It will be published in the UK by Weidenfeld & Nicolson in October 2021, in conjunction with US publisher Other Press. Bouysse divides his time between Limoges and a tiny village in Corrèze.

Twitter @RandomTTours @wnbooks @LaraVergnaud

THE HIT NOVEL RECOMMENDED BY FRENCH BOOKSELLERS:


‘The most beautiful French novel of the year’
‘Love at first sight for a book is rare. But this novel left me speechless’
‘Dive in: you’ll come out feeling utterly alive’
‘One of the most beautiful books I’ve ever read’
‘The best book I have read for a long time’
‘This story has something powerful, animal, carnal and terrible too. A punch in the gut’

Black Drop

This is the confession of Laurence Jago. Clerk. Gentleman. Reluctant spy.

July 1794, and the streets of London are filled with rumours of revolution. Political radical Thomas Hardy is to go on trial for treason, the war against the French is not going in Britain’s favour, and negotiations with the independent American colonies are on a knife edge.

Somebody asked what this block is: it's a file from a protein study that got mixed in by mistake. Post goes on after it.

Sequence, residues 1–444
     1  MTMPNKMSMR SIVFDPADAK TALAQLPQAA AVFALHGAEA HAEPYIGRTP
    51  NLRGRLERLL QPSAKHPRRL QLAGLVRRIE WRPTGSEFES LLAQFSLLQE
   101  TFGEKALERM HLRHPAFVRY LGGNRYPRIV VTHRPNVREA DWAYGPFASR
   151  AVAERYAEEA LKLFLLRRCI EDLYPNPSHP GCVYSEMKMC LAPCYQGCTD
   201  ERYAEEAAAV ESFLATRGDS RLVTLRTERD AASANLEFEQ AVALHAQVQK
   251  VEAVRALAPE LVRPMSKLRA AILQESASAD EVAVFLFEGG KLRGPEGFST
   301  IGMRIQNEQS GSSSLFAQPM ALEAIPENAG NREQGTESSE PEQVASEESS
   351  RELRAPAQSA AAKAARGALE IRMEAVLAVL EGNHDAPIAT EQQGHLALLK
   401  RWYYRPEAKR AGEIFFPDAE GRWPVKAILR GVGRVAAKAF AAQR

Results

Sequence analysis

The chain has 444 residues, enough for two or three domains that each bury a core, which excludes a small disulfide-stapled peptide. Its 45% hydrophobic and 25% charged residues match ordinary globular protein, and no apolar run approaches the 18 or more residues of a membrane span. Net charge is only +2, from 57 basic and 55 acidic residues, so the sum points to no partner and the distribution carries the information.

Laurence Jago – clerk to the Foreign Office – is ever more reliant on the Black Drop to ease his nightmares. A highly sensitive letter has been leaked to the press, which may lead to the destruction of the British Army, and Laurence is a suspect. Then he discovers the body of a fellow clerk, supposedly a suicide.

Blame for the leak is shifted to the dead man, but even as the body is taken to the anatomists, Laurence is certain both of his friend’s innocence, and that he was murdered. But after years of hiding his own secrets from his powerful employers, and at a time when even the slightest hint of treason can lead to the gallows, how can Laurence find the true culprit without incriminating himself?

A thrilling historical mystery, perfect for readers of C.J. Sansom, Andrew Taylor, Antonia Hodgson and Laura Shepherd-Robinson.